In the ‘80s and early ‘90s, The Psychedelic Furs were one of the biggest alternative rock bands on the planet, with songs such as Love My Way, Pretty In Pink (the subject of a recent Music Week Hitmakers) and Heaven conquering airwaves and indie discos on both sides of the Atlantic.
But the band went on hiatus in the ‘90s and, while they reformed as a live act in 2000, they’ve not released a new studio album since 1991’s World Outside.
That, however, is about to change, with their eighth album Made Of Rain due on July 31, via Cooking Vinyl. And, with the band’s music more popular than ever thanks to sync placements on Stranger Things and Call Me By Your Name, bassist and songwriter Tim Butler – pictured fourth from left, alongside (L-R) Rich Good, Mars Williams, Richard Butler, Paul Garisto and Amanda Kramer – got on the phone with Music Week to discuss their long-awaited comeback…
After 29 years, how frustrating was it to have to delay the album because of the coronavirus pandemic?
“It’s very frustrating. It’s been a while since we had our last album out, so we were all excited about the album and going out to play it to the public, but that’s all been pushed back. And when bands can tour there’s going to be so many out there touring. It’s going to be good for the fans, but you’re going to be bumping into bands left, right and centre! It’s going to be a big year, next year.”
Why did it take you so long to make a new record?
“First of all, we didn’t even think the break we took in the ‘90s was going to be that long! It was just going to be a hiatus, but it stretched on and, when we did come back together in 2000, we were tentatively thinking of doing an album, but we were also worried about whether we could write and record something that could stand up alongside our better albums from the ‘80s. We would do demos and not be happy with them until, finally, we did this album in two sessions. We all had really new ideas. One song on the album, Wrong Train, is quite old, but it’s been totally re-envisioned. But the other songs on the album were rehearsed and worked out six to nine months before we recorded them, so it’s all pretty fresh. Which is another reason why we were so looking forward to going out and playing it. They’re not old songs, listening to them is still exciting and we just want to get out there and get the excitement of playing them to the audience.”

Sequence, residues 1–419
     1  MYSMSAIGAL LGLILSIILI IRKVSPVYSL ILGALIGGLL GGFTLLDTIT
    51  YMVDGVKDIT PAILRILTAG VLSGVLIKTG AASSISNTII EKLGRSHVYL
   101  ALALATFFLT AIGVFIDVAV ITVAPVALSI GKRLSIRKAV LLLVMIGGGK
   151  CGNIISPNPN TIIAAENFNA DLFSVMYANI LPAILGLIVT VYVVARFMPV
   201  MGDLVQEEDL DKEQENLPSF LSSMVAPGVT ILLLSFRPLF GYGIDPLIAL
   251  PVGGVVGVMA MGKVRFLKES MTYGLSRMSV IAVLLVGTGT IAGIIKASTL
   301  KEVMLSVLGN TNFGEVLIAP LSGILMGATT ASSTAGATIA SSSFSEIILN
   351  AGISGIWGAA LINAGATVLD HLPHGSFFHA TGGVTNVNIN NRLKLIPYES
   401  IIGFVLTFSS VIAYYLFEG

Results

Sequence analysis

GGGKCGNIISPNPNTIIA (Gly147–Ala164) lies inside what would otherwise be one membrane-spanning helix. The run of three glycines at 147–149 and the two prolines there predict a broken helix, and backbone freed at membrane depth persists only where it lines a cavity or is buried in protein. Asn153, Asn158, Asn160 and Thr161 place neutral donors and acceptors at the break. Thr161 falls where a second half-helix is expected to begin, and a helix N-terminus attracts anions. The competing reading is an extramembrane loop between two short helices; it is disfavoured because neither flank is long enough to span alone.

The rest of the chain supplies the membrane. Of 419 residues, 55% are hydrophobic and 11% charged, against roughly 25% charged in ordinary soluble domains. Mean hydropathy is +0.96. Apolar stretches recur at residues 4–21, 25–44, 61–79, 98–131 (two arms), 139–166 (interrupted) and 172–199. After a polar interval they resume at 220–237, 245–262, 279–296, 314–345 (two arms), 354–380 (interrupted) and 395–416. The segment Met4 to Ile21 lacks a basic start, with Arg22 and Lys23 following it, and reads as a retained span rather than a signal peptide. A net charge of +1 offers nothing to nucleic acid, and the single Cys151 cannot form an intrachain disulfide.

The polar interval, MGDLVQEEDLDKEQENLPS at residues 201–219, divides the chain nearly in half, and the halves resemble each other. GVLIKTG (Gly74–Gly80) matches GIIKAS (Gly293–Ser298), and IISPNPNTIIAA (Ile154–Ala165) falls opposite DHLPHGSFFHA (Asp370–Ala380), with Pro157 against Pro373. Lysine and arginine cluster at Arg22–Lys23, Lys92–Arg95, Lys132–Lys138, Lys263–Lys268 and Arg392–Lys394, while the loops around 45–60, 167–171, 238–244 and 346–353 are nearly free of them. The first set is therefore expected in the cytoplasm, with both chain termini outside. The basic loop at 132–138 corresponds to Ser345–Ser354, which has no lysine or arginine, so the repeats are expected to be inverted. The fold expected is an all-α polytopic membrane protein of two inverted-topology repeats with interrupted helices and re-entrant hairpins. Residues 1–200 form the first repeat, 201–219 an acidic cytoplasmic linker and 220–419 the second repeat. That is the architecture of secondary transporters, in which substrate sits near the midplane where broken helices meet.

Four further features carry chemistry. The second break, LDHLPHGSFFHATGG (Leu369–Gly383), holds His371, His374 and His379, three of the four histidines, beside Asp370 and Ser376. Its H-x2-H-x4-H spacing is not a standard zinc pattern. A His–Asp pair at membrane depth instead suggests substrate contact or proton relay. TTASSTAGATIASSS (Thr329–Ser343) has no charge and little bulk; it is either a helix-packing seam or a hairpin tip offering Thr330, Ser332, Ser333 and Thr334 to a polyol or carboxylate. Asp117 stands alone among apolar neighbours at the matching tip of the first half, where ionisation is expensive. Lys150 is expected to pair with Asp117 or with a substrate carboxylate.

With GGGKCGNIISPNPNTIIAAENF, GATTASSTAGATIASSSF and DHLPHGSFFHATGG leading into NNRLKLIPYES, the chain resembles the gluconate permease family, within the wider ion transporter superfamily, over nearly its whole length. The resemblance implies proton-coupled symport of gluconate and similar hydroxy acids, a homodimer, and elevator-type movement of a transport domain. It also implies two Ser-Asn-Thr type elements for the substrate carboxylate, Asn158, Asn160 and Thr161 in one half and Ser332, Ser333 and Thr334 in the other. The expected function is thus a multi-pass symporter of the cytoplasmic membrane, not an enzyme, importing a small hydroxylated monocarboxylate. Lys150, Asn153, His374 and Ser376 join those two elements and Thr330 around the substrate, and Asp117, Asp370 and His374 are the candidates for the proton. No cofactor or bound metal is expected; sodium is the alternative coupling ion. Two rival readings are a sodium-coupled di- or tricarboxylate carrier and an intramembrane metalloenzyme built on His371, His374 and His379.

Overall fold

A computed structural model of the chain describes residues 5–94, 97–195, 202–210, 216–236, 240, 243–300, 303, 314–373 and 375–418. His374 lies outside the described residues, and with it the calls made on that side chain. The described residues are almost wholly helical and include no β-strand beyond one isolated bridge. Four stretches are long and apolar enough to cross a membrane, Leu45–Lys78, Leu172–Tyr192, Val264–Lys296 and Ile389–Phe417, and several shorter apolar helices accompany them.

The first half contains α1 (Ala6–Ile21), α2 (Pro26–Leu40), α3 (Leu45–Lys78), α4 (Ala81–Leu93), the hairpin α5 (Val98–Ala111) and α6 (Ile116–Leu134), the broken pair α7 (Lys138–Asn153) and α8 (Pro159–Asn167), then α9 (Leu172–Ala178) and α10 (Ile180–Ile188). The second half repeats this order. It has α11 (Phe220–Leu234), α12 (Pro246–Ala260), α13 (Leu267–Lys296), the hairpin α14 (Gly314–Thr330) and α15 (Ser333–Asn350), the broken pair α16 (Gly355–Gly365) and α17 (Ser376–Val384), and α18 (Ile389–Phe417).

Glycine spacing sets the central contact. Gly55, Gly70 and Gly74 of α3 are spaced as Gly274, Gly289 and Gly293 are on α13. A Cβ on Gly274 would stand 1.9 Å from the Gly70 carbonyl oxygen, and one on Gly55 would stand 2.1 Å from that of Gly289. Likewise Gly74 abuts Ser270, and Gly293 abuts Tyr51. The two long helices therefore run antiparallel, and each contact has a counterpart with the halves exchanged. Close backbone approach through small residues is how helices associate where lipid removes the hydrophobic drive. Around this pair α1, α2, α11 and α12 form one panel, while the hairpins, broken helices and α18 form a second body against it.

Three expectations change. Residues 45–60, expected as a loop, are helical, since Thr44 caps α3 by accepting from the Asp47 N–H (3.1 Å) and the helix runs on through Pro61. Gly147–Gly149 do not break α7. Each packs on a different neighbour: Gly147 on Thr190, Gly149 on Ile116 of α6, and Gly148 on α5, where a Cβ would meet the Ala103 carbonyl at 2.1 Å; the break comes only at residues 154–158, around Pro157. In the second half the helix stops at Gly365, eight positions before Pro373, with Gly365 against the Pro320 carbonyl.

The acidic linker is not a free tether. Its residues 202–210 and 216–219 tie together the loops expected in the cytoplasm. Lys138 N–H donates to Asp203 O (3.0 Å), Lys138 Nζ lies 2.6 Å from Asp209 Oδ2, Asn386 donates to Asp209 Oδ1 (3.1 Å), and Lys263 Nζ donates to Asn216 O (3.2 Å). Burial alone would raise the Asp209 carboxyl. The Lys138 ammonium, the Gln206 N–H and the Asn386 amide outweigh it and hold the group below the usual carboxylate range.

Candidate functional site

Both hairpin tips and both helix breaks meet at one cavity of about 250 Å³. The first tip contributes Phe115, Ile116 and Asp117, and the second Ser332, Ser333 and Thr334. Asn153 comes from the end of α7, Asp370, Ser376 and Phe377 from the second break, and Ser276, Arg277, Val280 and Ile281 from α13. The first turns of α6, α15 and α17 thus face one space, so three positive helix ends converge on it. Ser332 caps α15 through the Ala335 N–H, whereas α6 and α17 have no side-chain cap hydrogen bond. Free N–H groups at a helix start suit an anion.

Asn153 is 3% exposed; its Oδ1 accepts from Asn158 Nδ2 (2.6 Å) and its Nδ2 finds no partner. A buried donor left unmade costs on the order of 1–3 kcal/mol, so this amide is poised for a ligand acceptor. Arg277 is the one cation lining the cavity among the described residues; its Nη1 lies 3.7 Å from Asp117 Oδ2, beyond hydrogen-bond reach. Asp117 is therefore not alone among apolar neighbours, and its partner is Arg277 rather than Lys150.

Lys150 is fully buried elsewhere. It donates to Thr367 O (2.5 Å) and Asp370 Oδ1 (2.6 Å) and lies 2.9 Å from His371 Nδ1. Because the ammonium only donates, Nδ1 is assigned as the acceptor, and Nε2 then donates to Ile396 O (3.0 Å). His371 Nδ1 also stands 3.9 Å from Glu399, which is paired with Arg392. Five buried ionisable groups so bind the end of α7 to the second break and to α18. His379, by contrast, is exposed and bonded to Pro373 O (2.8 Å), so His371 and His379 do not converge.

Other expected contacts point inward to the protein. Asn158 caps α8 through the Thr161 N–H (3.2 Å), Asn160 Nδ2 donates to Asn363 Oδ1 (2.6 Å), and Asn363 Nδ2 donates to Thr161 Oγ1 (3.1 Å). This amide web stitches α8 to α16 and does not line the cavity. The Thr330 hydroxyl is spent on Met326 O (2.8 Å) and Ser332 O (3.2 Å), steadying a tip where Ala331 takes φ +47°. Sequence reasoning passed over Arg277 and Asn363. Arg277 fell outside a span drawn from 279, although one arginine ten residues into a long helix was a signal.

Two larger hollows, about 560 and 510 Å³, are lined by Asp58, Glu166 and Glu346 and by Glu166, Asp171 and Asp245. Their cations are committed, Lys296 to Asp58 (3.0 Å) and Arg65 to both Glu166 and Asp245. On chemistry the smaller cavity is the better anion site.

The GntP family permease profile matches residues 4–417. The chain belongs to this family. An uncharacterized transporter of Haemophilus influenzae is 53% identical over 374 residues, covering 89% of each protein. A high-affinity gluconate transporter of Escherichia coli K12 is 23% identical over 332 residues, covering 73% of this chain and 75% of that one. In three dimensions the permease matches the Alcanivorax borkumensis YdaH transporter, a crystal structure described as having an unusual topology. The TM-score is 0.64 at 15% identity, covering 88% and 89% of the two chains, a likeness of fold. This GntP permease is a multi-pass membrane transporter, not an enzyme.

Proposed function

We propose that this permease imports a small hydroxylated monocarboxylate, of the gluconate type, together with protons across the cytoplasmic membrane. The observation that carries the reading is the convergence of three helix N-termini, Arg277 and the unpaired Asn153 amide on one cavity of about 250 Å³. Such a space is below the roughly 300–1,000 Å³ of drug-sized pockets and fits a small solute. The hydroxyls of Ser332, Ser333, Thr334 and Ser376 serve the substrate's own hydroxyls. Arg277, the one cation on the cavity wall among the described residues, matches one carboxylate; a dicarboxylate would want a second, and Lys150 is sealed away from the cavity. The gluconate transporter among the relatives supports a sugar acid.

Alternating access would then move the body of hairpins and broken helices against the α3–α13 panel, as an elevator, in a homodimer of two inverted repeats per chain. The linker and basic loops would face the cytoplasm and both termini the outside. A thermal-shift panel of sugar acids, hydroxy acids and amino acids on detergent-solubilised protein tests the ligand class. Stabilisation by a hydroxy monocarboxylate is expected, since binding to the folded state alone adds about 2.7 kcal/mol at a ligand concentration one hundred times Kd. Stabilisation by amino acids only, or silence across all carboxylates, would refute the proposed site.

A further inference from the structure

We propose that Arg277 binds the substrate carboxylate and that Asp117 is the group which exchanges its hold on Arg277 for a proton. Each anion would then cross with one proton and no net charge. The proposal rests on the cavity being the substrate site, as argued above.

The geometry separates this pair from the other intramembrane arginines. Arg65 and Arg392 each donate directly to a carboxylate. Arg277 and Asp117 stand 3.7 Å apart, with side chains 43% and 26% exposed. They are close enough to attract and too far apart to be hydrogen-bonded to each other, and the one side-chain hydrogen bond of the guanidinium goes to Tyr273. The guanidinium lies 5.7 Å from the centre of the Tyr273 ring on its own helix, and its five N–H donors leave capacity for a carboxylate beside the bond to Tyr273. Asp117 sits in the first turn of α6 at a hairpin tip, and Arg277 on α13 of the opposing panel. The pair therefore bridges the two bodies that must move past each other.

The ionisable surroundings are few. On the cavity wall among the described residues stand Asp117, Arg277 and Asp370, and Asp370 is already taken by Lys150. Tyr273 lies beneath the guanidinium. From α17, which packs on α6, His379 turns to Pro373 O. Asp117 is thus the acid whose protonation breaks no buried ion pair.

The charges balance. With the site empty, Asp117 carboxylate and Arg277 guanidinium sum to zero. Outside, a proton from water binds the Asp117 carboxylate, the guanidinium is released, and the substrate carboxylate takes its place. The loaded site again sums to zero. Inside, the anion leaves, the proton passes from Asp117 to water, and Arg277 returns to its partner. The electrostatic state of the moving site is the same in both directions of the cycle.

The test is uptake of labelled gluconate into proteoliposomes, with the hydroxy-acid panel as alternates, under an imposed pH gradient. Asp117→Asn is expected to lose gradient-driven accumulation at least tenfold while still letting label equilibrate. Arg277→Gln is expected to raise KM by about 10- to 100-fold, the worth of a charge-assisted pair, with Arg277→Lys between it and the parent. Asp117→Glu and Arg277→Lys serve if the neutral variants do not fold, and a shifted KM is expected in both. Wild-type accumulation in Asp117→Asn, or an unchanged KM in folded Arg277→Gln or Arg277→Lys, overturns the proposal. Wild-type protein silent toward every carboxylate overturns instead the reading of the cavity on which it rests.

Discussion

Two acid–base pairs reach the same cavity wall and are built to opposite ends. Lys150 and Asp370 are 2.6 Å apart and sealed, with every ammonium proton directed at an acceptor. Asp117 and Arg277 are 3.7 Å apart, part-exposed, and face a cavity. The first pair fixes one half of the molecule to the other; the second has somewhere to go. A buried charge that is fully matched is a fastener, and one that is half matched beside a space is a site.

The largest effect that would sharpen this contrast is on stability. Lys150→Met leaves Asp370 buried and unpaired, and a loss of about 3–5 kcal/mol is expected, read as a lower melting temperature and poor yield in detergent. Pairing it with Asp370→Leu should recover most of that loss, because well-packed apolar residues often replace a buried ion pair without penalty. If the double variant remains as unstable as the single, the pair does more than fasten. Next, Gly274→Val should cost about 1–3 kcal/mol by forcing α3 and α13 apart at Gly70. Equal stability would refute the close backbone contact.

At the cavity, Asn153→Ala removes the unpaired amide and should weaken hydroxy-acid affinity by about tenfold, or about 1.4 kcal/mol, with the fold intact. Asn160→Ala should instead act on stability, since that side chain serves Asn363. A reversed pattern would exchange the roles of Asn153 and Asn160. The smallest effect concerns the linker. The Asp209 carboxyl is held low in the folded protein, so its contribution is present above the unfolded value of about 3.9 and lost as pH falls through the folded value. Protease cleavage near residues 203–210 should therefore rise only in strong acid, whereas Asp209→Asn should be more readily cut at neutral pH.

With Richard Butler’s voice you can’t really not be the Psychedelic Furs!
You wouldn’t actually know you’d been out of the studio so long – it’s a pretty classic sounding Furs album…
“Yeah, with Richard’s voice you can’t really not be the Psychedelic Furs! It’s one of the most distinctive voices in alternative rock over the last 40 years. The good thing is, Richard Fortus, who co-produced it with us, was an old-time fan. So he guided us into what was the best part of the Furs and steered us away from what was maybe the worst part! That was really healthy for us, because we were all over the place as to what period of the Furs was the best. Richard has always said he thinks [1981 album] Talk Talk Talk was the best and my idea of what was the best was [1982’s] Forever Now. But with this, we got a cross between the two, but brought up to date. It’s definitely an album that stands up to new music that’s out there at the moment, which is heavily tinged with the ‘80s sound.”
Do you feel like the band became more influential while you were away?